Co-Chair of the Cannabis Industry Group, Sander Zagzebski sits down with the Managing Director of Sharp Capital Advisors, Colin Campbell to discuss the current state of marijuana sector mergers and acquisitions and the cannabis dealmaking landscape in 2023.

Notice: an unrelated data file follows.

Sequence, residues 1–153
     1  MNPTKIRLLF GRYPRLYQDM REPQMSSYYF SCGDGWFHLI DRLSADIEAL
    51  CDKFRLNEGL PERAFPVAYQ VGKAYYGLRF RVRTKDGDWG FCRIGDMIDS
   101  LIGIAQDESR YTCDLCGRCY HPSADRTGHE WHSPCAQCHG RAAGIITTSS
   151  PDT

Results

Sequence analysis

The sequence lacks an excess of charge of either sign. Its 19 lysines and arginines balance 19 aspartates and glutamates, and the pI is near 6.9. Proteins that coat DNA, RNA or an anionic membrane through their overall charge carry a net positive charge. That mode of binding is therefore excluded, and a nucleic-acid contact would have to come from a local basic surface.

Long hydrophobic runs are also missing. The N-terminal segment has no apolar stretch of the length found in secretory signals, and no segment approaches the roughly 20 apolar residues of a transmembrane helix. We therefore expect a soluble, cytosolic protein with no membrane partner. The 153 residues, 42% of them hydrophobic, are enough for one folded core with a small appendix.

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Welcome to the Clark Hill Cannabis Industry Group Podcast. I'm Sanders Egzebski, a corporate securities partner in the Los Angeles office of Clark Hill and co chair of our International Cannabis Industry Practice Group. With me is Colin Campbell of Sharp Capital. Colin's been a good friend for a long time and Sharp Capital is one of the leading Investment banking firms in the cannabis space. Today, we're going to talk about capital markets, mergers and acquisitions, and the dealmaking landscape involving the cannabis industry in 2023. Collin, thanks for joining me. Thank you for having me, Sander. So, uh, let's just kind of dive into a conversation here. Uh, 2022 was a little bit, uh, a little bit choppy to say the least in the cannabis industry. You and I had a few conversations about that. Uh, what's your take on the kind of the current state of the industry, uh, uh, going into, uh, you know, kind of halfway into Q1 of 2023. Uh, where do you see things right now? And, uh, where do you see things going, you know, big picture wise? Yeah, I think I think to think of Q one and beyond this year, just a quick, um, level set of context coming out of 2022. And I think we all recognize that that was that was a challenging year. Um, I think in some senses, it was not maybe as challenging as. At least I thought it could have been at the outset. Um, I think that the hopes that SAFE was going to pass towards the end kept hopes alive that there would be some form of rescue and we can certainly debate, debate the merits of what SAFE could or couldn't have done. Um, but it kept, I think, some deals from getting done that, that otherwise. You know, operators would have recognized they had to deal with the reality that was in front of them. And instead, I think some companies tried to, to extend that runway as much as possible. Um, I think we saw some lenders recap their own debt, and I think you and Bob have done a great job talking about receiverships in the industry and, and how complex those can be. And so I think in many cases there was lenders that sort of continue to extend terms and. Extend capital, uh, for companies otherwise would have, that could have been the catalyst to go and do something. And so I think a lot of that fortunately, and unfortunately, as, as maybe, um, harsh as that may sound, I think a lot of that is going to come to a head. I think the capital markets remain very constrained, um, debt capital markets, despite the best efforts of many of the lenders in the space. I think in general, they're all pretty good actors. I think in some cases they get a bad rap for how expensive the capital is, but the reality is, is the cost of capital reflects the risk that they're taking as, as capital providers. And I think we're beginning to see a lot of that risk manifest itself in companies that are. Potentially overextended, they're reaching the limits of their debt covenants and lenders are having to think creatively about what do they do now? And you can't just continue to re extend terms. I think equity capital markets are also very constrained. Um, again, I think, you know, the capital that we see available right now is largely coming from high net worth and family office providers. And those checks, um, look different. I think they've looked in the past and I think all of this means that in Q1 and beyond, um, I think you're going to have companies facing some hard decisions. And I think the reality is that there's a lot of good companies out there that have a reason to exist, but unfortunately, the growth wasn't there. The cost of capital is very punitive and difficult to operate in. The regulatory and tax... Environment is incredibly complicated and not helpful for making businesses successful. And so I think we're going to see, we'll see some M and a, we'll potentially see some capital raise, but I think a lot of it's going to have this distressed overlay, which again, you and I have talked about, I think there's a flavor to that, that hopefully we probably need to work through on, on this conversation. Um, but I think that's, that's the flavor that we're going to see this year is a fair amount of distress and trying to architect deals to rescue good companies. That have a reason to exist for the benefit of the consumer for the benefit of the patients and really for a benefit of the industry longer term in terms of building out the infrastructure to make it a mature industry that that can exist and and contribute to the greater good. If that doesn't sound too philosophical. Yeah, I mean. Look, I, uh, hate to say that you're preaching to the choir here, but I think we, we, we see these things in a relatively similar way. I mean, uh, you know, let's look at a couple of headlines, right? Uh, uh, you know, last year, the, um, Well, I guess it was, it was early this year, Air Wellness canceled their deal to acquire Gentle Ventures. That was a pretty significant transaction. Um, not a huge transaction, but, uh, it looks like, you know, this is a, a deal that had been pending for some time, nearly repriced, but then closed their transaction to, um, And then the Bruno goodness growth deal, which was a significant deal, uh, broken and looks like it's now going into litigation, which is never fun. So I think, you know, is. This is kind of a sign of the times. In other words, did some of these companies enter into these deals with, you know, a bit of optimism, perhaps thinking safe would pass last year or thinking there would be some, uh, some, some rebound finally to the, uh, you know, the equity capital markets that had declined so much since the early days of the Biden administration. I mean, what do you think is, uh, what was Was causing those deals to, to get, uh, to run into trouble. Yeah, I think there was a little bit of the sense that you, you hope for the best, but plan for the worst. And I think certainly some of those companies that you named that are, they had the capital, they had the sophistication, they've done a lot of deals already in the space. And I think we should probably talk later on about what. What that could look like here in Q1 and Q2 for some of those deals that previously got done. Um, but I think they had the wherewithal to understand that don't stop doing deals just because you don't know what the next six months or 12 months are going to hold, but that's where you need good deal teams, like. Like you guys and hopefully like us that can help structure deals so they have the flexibility to get done And that's where in good times when cash is plentiful Maybe there's more of a cash component in in tough times where the cash is is kind of king And you need to shore up that balance sheet Maybe you use more equity and so we see deals with a lot of structure We see deals with a lot of even sometimes seller financing, um in order to get a deal done I think in the case of trike, I think You know, not, I wasn't involved in that one, but that seems to me like two parties that both entered into an agreement. They wanted to get something done and they recognized the environment changed from the time that they started it to the time that they were going to finish it. You look at just the, the market price for Curaleaf during the course of that time, and the stock was not as valuable as it was at closing as it was when they began. And I think that's. Not through any fault of anybody's in particular. That's just the reality of what happened. The flip side of that, I think, is the goodness growth deal. I think that was a north of eight times revenue when it was announced. And you know, that if I, again, I don't know the inner workings of that one, but from the outside looking in, I would say if you're unwilling to retrade your company and you believe in the long term prospects of it, then, then maybe you don't retrade. And maybe you just decide you're going to keep it. Um, I'd be interested, you know, the litigation coming out of that. That's, that's tough for everybody. Um, but you know, you see deals getting canceled like, like the gentle ventures one you talked about. The other thing you see is deals in our space. And I think You probably know this better than most, they take a lot longer because of all the legal and the regulatory compliance reasons, transferring licenses that they can, from the time they get announced to the time to get closed can be upwards of a year, and that's not even talking about the 6 to 9 months it took leading up to announcing it. To get the deal prepped, ready to go, the marketing process that probably was involved, and then the negotiation. So, these deals take an incredibly long time, and the old adage in our business, right, is time kills all deals. I think we're seeing that. I think that's the case. Sure. Yeah, well, let's talk a bit about, um, about Cureleaf, because they had an announcement a couple weeks ago that they were, that they were pulling out of the western, uh, states. I think it was California, Colorado, um, And Arizona or Nevada, I mean, you know, California, they, they, they came in with a splash when they both select back in 2019, I remember when that deal was, was announced because, um, I had a transaction that was in the middle of a hard Scott Rodino review, along with all the other big deals that were announced in 2019, including, you know, uh, curious select and, um, uh, You know that a number of those deals, um, didn't close by the way in 2019, uh, you know, med men, pharma can write, uh, stuff like that. We're on a harvest. Um, but, uh, uh, you know, the cure leaf select deal did close, albeit I think on revised terms. Uh, so, you know, that has to be a pretty, a pretty, uh, uh, hard pill for them to swallow, to decide that they're going to exit California after making that sort of investment. A hundred percent, a hundred percent, but, but I mean, Sometimes you have to make hard decisions, right? And sometimes you have to understand that the investment didn't originally play out the way you thought it would. And so you need to be able to adjust. Um, I think, you know, in many cases in this industry in particular, I think a lot of the private operators take cues from the public guys. And hopefully this is a cue that. Look, we're going to have to deal with the reality in front of us for the, for, for years, there was this concept and we saw this in tech, as did you, there's this concept that you grow at all costs that can't always be the case. And so if you're not doing the requisite analysis to understand how are you deploying the capital and what's the ROI on that capital, give, especially given it costs it's so, so expensive, then maybe. You need to think twice about where you deploy it. And again, nobody I think could have anticipated things have followed the path that they have recently. Um, I think there was a lot of hope that the industry would be this up into the right trajectory. And I think, unfortunately, we're realizing that The reality is there probably needs to be some sort of rationalization in the marketplace. And there has to be, I think, more discipline at the operational level to make the numbers make sense to make these companies kind of survive. And maybe that comes from, you know, hard decisions can also be especially I've been an entrepreneur. You've been an entrepreneur. I think it can be realizing that, you know, the company is not going to look the way I originally envisioned it. When I set out on this journey and that's not necessarily a bad thing and you can create, you can keep that hope alive and that dream alive and that brand and whatever it is in some form or fashion, it just might have to look a little bit different. And maybe that's part of a different house of brands. Maybe that's a different part of the industry. Um, but you have to be able to make those adjustments and pivot. And I think that's what Cura is doing. I think you see that with some of the other businesses too. Um, I think they're, they're just making hard decisions and rightly so. Yeah, I mean, let's talk a bit about some of the transactions we are seeing. I mean, it's, you know, this sounds perhaps a little more grim than it needs to be. I do know, for example, I mean, we're, we're seeing a lot of transactions where people are, are selling assets to, to pay down some debt. And, and so the, you know, the cash is coming in, um, creditors are, are getting a bit of a carrot and a stick, right? It's it's extend help me out, but I'm also going to sell off, uh, a big chunk of assets, and I'm going to pay you down, you know. 30, 40 percent of your principal, something, something significant, right? And so predator gets, uh, gets, uh, reduced exposure, borrower gets, um, a lifeline and, you know, somebody comes in and now has an asset, um, that is that, you know, they can operate in, uh, you know, uh, uh, separate and apart from the, you know, the, the larger called mothership. Um, number one, are you, are you seeing deals like that? Um, and then number two, what is your kind of opinion of those? Cause I'll, I'll, I'll have to have mine a little bit. I think it's actually quite healthy that people are, are looking to shed assets, pay down some debt and essentially figure out how to right size their balance sheet for a period of time where they have to weather a storm. I would agree with you. And I think you've seen a lot of companies. Unfortunately, um, they have already executed their seal sale leaseback strategy, and they don't have the assets on the balance sheet anymore. And in many cases are committed to these long term leases. Um, that, that adds another layer of complexity to those businesses. But, but otherwise, yes, I think that's right. If you can sell the assets that you have, recap the balance sheet so that you have a sustainable operation, then it's not ideal maybe for everybody, but it's a solution that can work for everybody. Um, I think there's two other interesting pockets of capital that We should probably talk about because they're not necessarily always well understood one is the distressed funds And I know that comes maybe with you know, uh, um not not a great, um kind of uh Flavor to it, but I think the reality is they have a role to play right and they can come in And they can help again keep an entity alive that has a reason to exist It may not exist in the same fashion And i'm hopeful that some of them Are able to come into the market here in the near term, and I think there's a couple folks that are starting to make moves. I think that we probably need more, and I'm excited to have conversations with them and talk about what they want to do and how that's going to look. I think the other piece is family office, and in many cases, They were somewhat the capital behind some of the institutional investors. I think we see more of them moving in and making direct investments. And I think what's particularly interesting about them is that there is no defined hold period, right? For a private equity company, they need to be able to return capital back to their investors in three years, five years, seven years, whatever the fund length may be. Um, for a family office, they can wait indefinitely, and so they're not waiting for safe to happen in the next, um, you know, the next three years or whatever. They have a lot more flexibility and can be patient, and in many cases, they're very smart capital as well. Um, they can be fickle, they can be very insular, um, but they can also be great. Capital sources for the right opportunity. So I'm excited to have more conversations with them, too, and see where they start coming in. Yeah, I would agree with you with private equity or sorry with family office, right? I mean, it's what's strange about about cannabis is you don't have a deep bench of funds. You don't have a deep bench of VC funds. And to a large extent, you know, family office kind of broadly defined has right. Filled the void, uh, that, uh, the cannabis industry has by not having a deep, uh, venture capital or private equity, um, uh, industry behind it, if you will. And what I think I've seen is, is, you know, family office money, certainly to the extent the family office is already in the space or already has exposure to an investment. You know, they, they have. Oftentimes the flexibility and the war chest to be. Uh, actively involved in a, in a restructuring and my own view is they're, they're often sort of the entrepreneur's best friend because family offices typically don't, you know, want to come in like a vulture fund and, you know, give you a loan to own deal, right? They, they want to protect themselves and they want to limit their downside, but if they see a light at the end of that tunnel, even if it's a long tunnel, they're. They're likely to, uh, to participate with you, whereas, you know, a distress fund, which might be a little bit more opportunistic, could see an opportunity to wrestle control, right? You and I have talked several times about distress funds and distress money, and, you know, when is it going to assert itself with a little more, um, aggressiveness in this space? I do think that money is, is, is there, uh, and. And frankly, you know, if there's new equity capital coming in right now in this environment, it's almost assuredly going to be coming in through some sort of distressed vehicle, right? I mean, that's where the opportunity is, you know, why would you, why would you, uh, buy something at par when you can get it for such a discount right now, um, you know, uh, I mean, there's just all sorts of good buying opportunities. So, yeah. Thank you. Uh, the, the distress distress funds are, are really, I think, um, that to the extent they've been on the sidelines, they're, they're gonna start coming off the sidelines. Mm-Hmm. in 2023. What do you think about going private deals? You think we're gonna see more of those? I, I do. I mean, I, I hope so. Um, , yeah. I think I, I put out a piece not long ago, but we looked at. I think over 360 public companies, and there's a lot of additional costs that goes into being public and all of the reporting and the compliance that's required. I think a lot of companies went public, uh, probably prematurely in hopes that it was easy capital and the growth would be there and it hasn't materialized. So yes, I think even just looking at the public markets. There's a lot of good opportunities to take out companies that are doing good, have good assets, have good brands, have good product and have a reason to exist. Um, but maybe not in their, their current fashion. And we don't always like, let's be clear. We don't always necessarily need a distressed fund to do this. And there's been cases where you can look at two companies with different geographies or different parts of the supply chain. And I think for a sophisticated. Financial engineer, you can look at that and say, let's just push those two companies together. And I think you even talked about this on one of your recent podcasts, um, about relative valuation versus actual valuation. And I think that's an important message. I've been, I've been watching. I've been listening. I'm glad I had a listener. I'm so excited. You did, you did, but I think that's, that's an important, you know, Term that I think a lot of it gets lost on a lot of people, and I think it's important to talk about because there are opportunities to realize synergy between putting two companies together and having the benefit of that combination, and you can do that in a way that doesn't necessarily always require outside capital, and maybe that's a way of keeping that, you know, let's be honest with entrepreneurs. It's their baby. Right. They've put in all this blood, sweat, and tears to build this business. Um, they have this dream. This is a way for them to keep that alive and still create that multi generational wealth that they had envisioned. It just might be under a slightly different form than, than what they had originally intended. Yeah, well, I think, you know, when you bring up relevance evaluation, that when you're dealing with a private to private transaction, right, it's always struck me that you can have two sets of founders or two sets of entrepreneurs, or even two sets of institutional investors, each of which have optimistic, let's say, ideas about their company's value. But if they are Equally optimistic, you know, in terms of their values. So, so, uh, you know that I know my company, I think my company is worth 50 million. You're an investment banker. And you're going to tell me, look off the record, you'd be lucky to get 35. Well, if, uh, if I'm combining with another company that has proportionally the same degree of optimism about their value, we have a pretty good chance of getting a deal done actually. Right. Right. Maybe not getting it, uh, maybe not getting it debt financed at the value. We like certainly as between the equity, we can, we can, we can figure things out. And that kind of leads me to, um, Another concept, which I will just sort of roughly refer to as alternate deal structures, right? Because to the extent you're listening, you're, you're a founder, um, you know, I, I can, I can think of multiple groups of folks, as can you, who've been in this game for a number of years, they've been working really, really hard, 80 to 100 hour weeks, um, Building their businesses and to an extent chasing their tail because the more they go, the, you know, the margin ain't going up to 80 still, still eating their lunch. And, and so they're not putting a bunch of cash in their pocket for a time. They were expecting the, the. Equity, uh, equity in their, in their business to, to make up the difference. And now they're listening to guys like Sandra and Colin talk about, about the industry being in a downturn and talking about distressed deals. And, you know, that's not going to get you super excited, but if you are going to grow, you still have to stay in motion, right? You still have to have to move from point A to point B. And you know what, if it's raining, you can stay inside or you can, you know, you can put your raincoat on and go out. Right. And most people have to go out. And so I think, I think alternate deal structures are structures where, okay, I'm not going to be able to get liquids. I'm not going to have the multiple I'm expecting or hoping for. I can do a transaction with you, all the joint ventures, strategic alliance, whatever it is. I can, I can continue to expand my footprint. I continue to grow operationally. I can continue to, to push my relevance and, and assert my kind of reason to exist as you, as you've mentioned a couple of times in this. Conversation. And at the worst, live to fight another day. But at best, you know, have something that, you know, when the when the equity markets come back and they will, right? I mean, right now, they're kind of bouncing around the bottom. So it's unlikely to see them. I can't imagine they're going to get a whole lot worse. So when they come back, and there's more enthusiasm, then all of a sudden, I'm sitting there, right? In a much better position than I would have been if I just, you know, ran and ran and hid. Yeah. What do you know? I think about that. I agree. One thing I think we need to distinguish to you, right, this conversation has largely been around licensed plant touching businesses. When we talk about how complicated it is and how tough it is, I think let's not, let's not lose sight of the fact that there's this entire ecosystem around licensed plant touching businesses, which we'll usually call ancillaries, or I like the tech side. So the Canada tech stuff. Um, what's interesting is that a lot of those are getting painted. With a very broad cannabis brush and are dealing with some of the similar dynamics even though they don't have the 280e Complexity even though they aren't a plant touching business and their revenue actually comes from non plant touching companies So that I think is kind of fascinating and probably another piece but I wanted to give them a nod and say a lot of this conversation is It's kind of the plant touching piece. I think the the creativity around deal structure is Is necessary, uh, in order to kind of get deals done right now. I think one of the structures that I'll throw in there, um, is, is the managed services agreement. I mean, we're seeing a lot of these and sort of this asset light model. And I think I made this comment, uh, I mean, last year we were talking about how the industry was shifting to this asset light, non CapEx, kind of a licensing model, right? Going into new states as a way of being able to expand your footprint and leverage your brand. And there again, we can debate the merits of brands and, and what sort of equity they have too. But the, the managed services agreement in many cases, as I see it right now are being used as a quasi M and a opportunity. And in many cases, someone's coming in and signing. This managed services agreement, maybe they're bringing capital, maybe they're not, but there's typically in some cases, an exchange of equity and participation in that upside. And I think that's interesting. I think that's an industry being forced to be creative and find a solution. Um, and I'm sure you see it from your side. I'd be interested to get your take, you know, the level of complexity that goes into some of those and how do you make them successful and avoid some of the pitfalls that make them very. Very unsuccessful in some cases. Yeah, you know, I've talked about this topic too, as, as you know, but I think a willingness to do transactions like that will start to separate. Winners from losers, particularly if we have a prolonged rough patch in this industry, in my mind, right, because, you know, I like, I kind of look back and I say, look, other than a few new states that are coming online, the easy money has largely been made in cannabis. I mean, there was a period of time when margins were so good. You didn't have to, you just had to not screw up really, really badly in order to make money in cannabis. Well, you all, we all know those times are long gone. Yeah. Um, now you're looking at this situation in my mind where you're at, you really are at a, a, uh, You're operating where your management team can either give you a premium or not, depending on, on their, their skill set and creativity. Are they willing to, to do the work to structure deals where, you know, that they're. Where they're not looking at a lot of, a lot of margin to throw around, right? Then you're really sort of slicing, slicing it rather thin. And, but are they, are they still able to go and do those deals, stay disciplined, operate within those very constrained margins, uh, during this. Tough period of time, keep their costs where they need to be, uh, and and continue to continue to move forward in that sort of environment, right? Are they able to do that? Because if they are, then they can increase their footprint inexpensively and over time, in my mind, they can set themselves up to be quite a significant player without, you know, putting it all at risk. If they can't, if they don't have the patience, they don't have the discipline to do that, or, you know, they're, they're, they're too, um, they're too stuck in a, in a mindset where they're just hoping for, uh, hoping for federal policy to change without any reason for it to change so that everything comes back and, and we're back to, you know, Q1 of 2019 again. Uh, well, those folks, Thank you very much. Are going to be disappointed, I think. And, uh, as well as the folks and I would throw in that camp, by the way, I mean, you still see people out there that are really trying to find, um, big homerun type deals, you know, Hey, I'm going to do a big, big, big credit facility. And look great. If you can do it, if it pencils out, if you can get it on the right terms, I, I think that's fantastic. That's, I mean, that's how you and I made money last year, but it's also, uh, from an operational perspective, you know, being able to, you know, trim the fat. I mean, being lean right now, unfortunately is very important. There's just not a, not a lot of margin to throw around on stupid stuff. No, and, and, and I was going to say, you know, and that's where you see some of the big public eyes to their, unfortunately, they're laying people off and that's, that's not, you know, it's, they're not spending money on stupid stuff. And that's not to say that those people are, are, are not necessary. I think it's just. They have to make very tough decisions, and I don't want that to get lumped in to that, you know, we made a bad investment or we, we, we don't need these people. That's just not the case. The fact is they do need those people, right? Yeah. They do need to have that headcount. They do need that quality labor. The, the problem is, is just that the market right now can't support that infrastructure that they've invested in, and that's what I think is, is very sad about. Some of the layoffs that have happened is that they're good folks and, and those jobs need to be there. And that company needs those roles and functions. They just built it too soon. And I think that's, you know, when I say these companies are making tough decisions, I mean, I don't, I've had to, I've had to lay people off before and it is absolutely the hardest thing I've ever had to do. But you know that unfortunately sometimes it has to be done, right? Um, so it's, it's going It's going to be fascinating this year. Oh, yeah, look, I would say, I mean, you know, I grew up in the tech industry, as you know, and you have a big tech background as well. And you see kind of, um. Some of the unicorns and they, they, they, they swell their head count rather rapidly and they have, you know, hundreds, thousands of people doing stuff that most of us can't, you know, we can't really figure it all out. Um, and then, of course, they, they, they lay them off. Uh, I actually think for, for, for, I think the cannabis industry. Has been pretty disciplined in its growth in comparison to some, some others. Right? I mean, you don't see a lot of headquarters offices with yoga rooms and, and, uh, you know, internal cafeterias and, and gyms and, and, you know, quiet, safe spaces. I mean, it's just the cannabis industry has, has been forced to be much more Yeah. You know, much more disciplined in that, in that even, even when times are great, if we're being honest. Right. So, so when there's a, when there's a downturn and they have to, you know, trim the fat reality is they're, they're cutting into muscle and bone. Probably pretty quickly, right? There aren't, there isn't a lot of, there isn't a lot of access that they can trim and that's too bad because we've been in this industry and we've seen it and we know, know a lot of those people. Um, you know, I think, uh, I think, you know, the way the cannabis industry has been addressing it is actually pretty, you know, as, as for the most part, they're doing as. As good as you could expect them to do, I guess, um, the, so I think that the, the takeaway for me in 2023 is the industry is going to keep moving forward because it has no other place to go. And, and, and so I, and I say that because it. It's true, right? It has to move forward. In fact, I think, I think last year, a lot of people sort of held their breath. They hit the pause button. They held on because there was, there was, as you mentioned earlier, uh, a pretty, a lot of optimism around safe or safe plus or some federal policy kind of, uh, real, real federal, real move on the federal policy front to, to provide some additional excitement In called among the retail investor class, possibly. And reality is that didn't happen. There was a lot of expectation that it could during the lame duck session. Um, I know that it actually came pretty close from my conversations, but alas, it did not happen. And so now I think 2023, you are probably not, you know, absent either some, um. court decision that comes out of left field or some highly unusual circumstance, we're probably not going to see much in terms of the federal government in 2023 and probably, probably not much until we get into the election cycle in 2024. And so for cannabis operators, like it or not, you, you kind of have to figure out how to, how to live in this current environment. For another 12 months or more. Right. Maybe 18 months. Right. Now, I do think, well, tell me, what do you think the chances are that we end up with some sort of revised bankruptcy regulations? Well, that's actually, I think, the most promising right now, right? I know there are, there are people working on it. There was a, a, a case that came out, which hit the press about, you know, is there, Is there a little, a little opening for, for some bankruptcies to happen? Uh, if we were to have bankruptcy reform, I think that would be a huge boost because a lot of folks that are. Coming to, to us and coming to you and saying, Hey, I need to do a deal. Well, they're really not do they, they they've, they're coming too late in the process, right? They're right. They're going to, they're going to be in default in their notes next week. And now all of a sudden we're, we're, we're going hat in hand to people. And we're just playing whack a mole with a bunch of note holders or something like that. It's, it's difficult to maneuver in that environment over. Overlaying all of this is if you are a marijuana company, meaning you're a, you know, schedule one, you know, controlled substance, you're actually selling plant touching, uh, your, your, your plant touching. So your subject is too ADE and you can't go bankrupt. You're in a tough position because restructuring your debts is, is difficult. Um, unlike other companies that can at least threaten to go bankrupt and, and have that. You know, they can either do it and exercise it and go through the process, or they can at least threaten it and get their creditors sitting around the table, negotiating some, some real hard, uh, resolutions absent bankruptcy. You can't. So I think that the potential for a bankruptcy solution is probably the best news that the cannabis industry isn't talking about right now. And I personally would, would welcome it. I'm not super confident it's going to happen in 2023. Um, but I would be. Pretty excited to did. What are you hearing? And what are your thoughts on it? I've I mean, you're closer to the probability of it actually going through in the timing of it. So I'll defer to you in that. But I agree with you. I think it's it's an unreasonable situation to have operators that are beholden to a 2 80 here. Tax regulation. Um, many of the state tax schemes are pretty punitive and then to not provide them any sort of outlet for protection and work out. I think it's it's just tough. And unfortunately, it's indicative of so many other aspects of our industry where we see things that were created may be well intentioned, but not necessarily all the way thought through or the the Pieces that had to be put together to create the industry were done somewhat in a vacuum, and they're, we're realizing now in retrospect, there isn't the coordination between it all to make it all work. And so it's, it's legislators legislating in a, in a vacuum. It's business people trying to build businesses in a vacuum, and there isn't the foresight and the communication from the ground up, as it was being built to really give it the best chance possible. So unfortunately we're in a situation where we're trying to recreate certain things and correct other issues to get something that actually has a more mature and self sustaining industry. And look, let's, let's be honest with each other, right? Most, a lot of industries kind of began through the same painful maturation process. And there was. You know, um, disconnects at various points in supply chains and things had to be worked out. So this is, this is a painful part of the maturation process. Um, I think if we, if we put on our, you know, uh, the vining hats a little bit and try and project out, you know, Q1, Q2, I think One other thing that isn't necessarily being talked about, um, is the level of intangible assets on balance sheets. And I know this gets a little bit academic and kind of financial, but if you just humor me for a moment, you know, a lot of the big public companies did a lot of deals. And in many cases, that created parts of their balance sheet that are intangible assets. Or goodwill, which is basically just the amount that they overpaid for a business. And in many cases, companies are sitting with hundreds of millions of dollars in license value. And I'll tell you in talking to lenders, you tell me if you think it's different, lenders will tell you those don't have the same collateral value that they used to. And so I think when we look at the stock market and how the capital markets have performed, and, you know, I think you said we're bouncing around a bottom here. I sure hope so, but I could anticipate in the next three to four months as people come out with earnings, you know, they start taking a loss on some of those and just restating what the value is on the balance sheet. And that'll create a bit of headline risk and you'll see the stock markets react. But the reality is those are, those are non cash items, right? That money has already been spent. It's really just sort of recalibrating those non cash pieces on the balance sheet. But I think that's, that's a headline risk that the industry isn't really thinking about. Right now, um, and that will unfortunately further complicate getting deals done in the next, you know, three to six months. Um, because, because the stock market, the, the equity value for a lot of those public companies, in some cases, that is the currency they're using to do deals. And I think that's going to be another challenge for, for them in those cases. If you are, um, financial advisor to a board or an audit committee or a special committee, um, and, and they talk about those assets, they talk about the goodwill they have on a balance sheet. Um, would you recommend right now, if they can do it without, you know, kind of blowing out their debt covenants, would you recommend that they take a, uh, you know, a real hard look at a big adjustment and, you know, kind of, kind of bite the bullet and. You know, put it into, put it into their announcement for their, you know, 2022 year end. And, you know, kind of just say, hey, we're, we're gonna, we're gonna do our mark to market right now. And we're going to revalue these things and. And, um, just, you know, take it on the chin and let it, but with, with the idea of being that now we have, now we have a, a more appropriate balance sheet and life will get a little bit easier as we go forward. Yeah, you touched on a piece of it, right? You got to be cognizant of what the balance sheet looks like post write off with all of the debt covenants and everything else, but look, I mean, there is a strategy and you see this when there's a CEO change or a CFO change and they'll come in and they'll say, man, time to clean house and they'll put a bunch of losses in the last period and just pull off the bandaid and they can start fresh and they can kind of blame it on the prior administration and say, well, I don't know what those guys were doing. Yeah. You know, there's a case to say, we all look back and go, we know 2022 was a really tough year. Maybe we go ahead and we take those losses, shove them into that year and just say, we're, we're prepped now. And we've rationalized the balance sheet and we're off on a better foot for 2023. Um, you know, I say that there's been a lot of announcements recently about executive changes at some shops. Um, Years past, you've seen companies delay their end of year earnings report. So it comes out more coincidentally with their Q1 report. You one tends to be a good quarter. So some might say that it's a little bit of a distraction. Don't worry about last year. Those were a bunch of write offs. That was a bunch of non cash items, but look how good Q1 is and how prepared we are. To have a blockbuster year this year and I think that's especially when you're public and we talk about the complexities of being public you know a lot of it is how you communicate to the street and analysts and I think maybe pulling off the band aid and going into the year with a positive outlook that could be a benefit so I wouldn't be shocked if we see some of that strategy play out. Yeah, I wouldn't either. I mean, I think you obviously, you know, if you're listening in this conversation, you can see sort of the different issues that a public company C suite needs to wrestle with when it comes to these sorts of decisions. But, you know, having having, uh, having those assets inflated on your on your balance sheet can have its own set of headaches. Um, Let me, uh, since we've been chatting for a while, and I appreciate you taking the time with us, Colin, um, what, what would you sort of, uh, uh, say to, or what are you saying to your clients in terms of your, The, the, let's say the silver lining, the light, you know, the, the encouraging news. I mean, what, when, when it comes to, uh, when it comes to the people you're talking to the industry, you know, plenty of reasons to be, uh, to be, you know, a little bit disgruntled, but what are the things you tell them to focus on for the future? I mean, how does, how does this get better? Yeah. And I go back to my days as a. Private wealth manager and planning for retirements and helping people with their estate planning. I think you know this We all know markets go up and down and so you have to plan on the long term You have to deal with the reality in front of you, but let's build businesses with the right amount of discipline and thoughtfulness That they'll survive this and this will pass and there are deals that can get done Um, it's better to raise your hand and ask for help sooner than later Because if you wait too long, your options do get limited, but it's not as, it's not as doom and gloom as so many of these podcasts make it out to be. And I know I'm guilty of that too, because it is complicated and it is complex, but there is a path through it when you have the right team and this will pass and companies that make it through the other side will be better off and stronger for it. Yeah. And I, I would echo that too. I would also, I would also, um, Uh, urge people to, to, uh, you know, reach out to the other stakeholders, um, on their cap table, right? The, there, there's always, it's always easy to, to look at a, at an industry wide, um, storm, if you will, and say, Oh, this is your fault. This is the management team's fault. And generally speaking, um, yeah. People aren't perfect. And so let's assume the management team did make a couple of mistakes or didn't, didn't anticipate things quickly enough. Uh, so it's, it's very easy for investors and management teams to get a little bit cross with each other. But the reality is, in my view, um, you know, the, the organism that is the company that the people that are, that are. Most incentivized to seeing it succeed are those founders that management team and that those, you know, the investor group, whether it's lenders, whether it's, you know, preferred equity investors, whether it's common investors. And so being, uh, you know, reaching out to the folks that, that, that got you there and dialoguing with them and including them in whatever you're thinking of as a solution. In my experience is more helpful than harmful because the truth is, uh, you know, if, if, if you're, if you're hostile in this environment, you know, you better be very certain of your outcome, right? The hostility usually works to everybody's disadvantage. Um, look, Colin, uh. How, how do our listeners get in touch with you if they want to, uh, if they want to talk to you a little bit more and get your, get your advice or reach out to your colleagues at Sharp Capital? Yeah, uh, email is Campbell, my last name, just like the soup. I tend to be on LinkedIn probably more than I want to be, but that's always a good place to get ahold of me. Um, but look, I think we get to see a lot of things. Hopefully what comes across as we remain very active in the space. And honestly, we're still very bullish on the space. And if we can be helpful, please, please, please don't hesitate to reach out. Um, and even if we can't be helpful, let us know. Because we, we get to see a lot of things and happy to just share insights and ideas. And not everything is, you know, is, is the right fit for us. But I think we're all trying to build this industry together, kind of brick by brick. And. I think, you know, Sandra, you and I are a great example of this. We'll share ideas with one another just to help further the industry and further, you know, good, good companies that need to exist. So let's all try and just weather the storm together and we'll make it through. Yeah, I appreciate it. Um, one little reminder for folks, uh, our podcast here at Clark Hill is for information purposes only. It's This is not legal advice. This is not investment advice. Uh, you know, if you're listening, we certainly appreciate it. But, uh, listening by itself does not, uh, does not make you a sharp capital client or a Clark Hill client. And, uh, uh, so we caution you to take the, the words you've heard here today, um, and, and learn from it. But certainly when it comes to your specific situation to seek. independent legal advice, uh, independent financial advice, or to reach out to us at Clark Hill or to call in at Sharp Capital if you want some specific advice about your current situation. Collin, always, always a pleasure to, uh, to reconnect with you. I wish you, uh, a productive afternoon and, uh, look forward to talking to you soon. Thank you, my friend. Thank you. Talk soon. This podcast is intended for general education and informational purposes only and should not be regarded as either legal advice. or a legal opinion. You should not act upon or use this publication or any of its contents for any specific situation. Recipients are cautioned to obtain legal advice from their legal counsel with respect to any decision or course of action contemplated in a specific situation. Clark Hill PLC and its attorneys provide legal advice only after establishing an attorney client relationship through a written, Attorney Client Engagement Agreement. This recording does not establish an attorney client relationship with any recipient.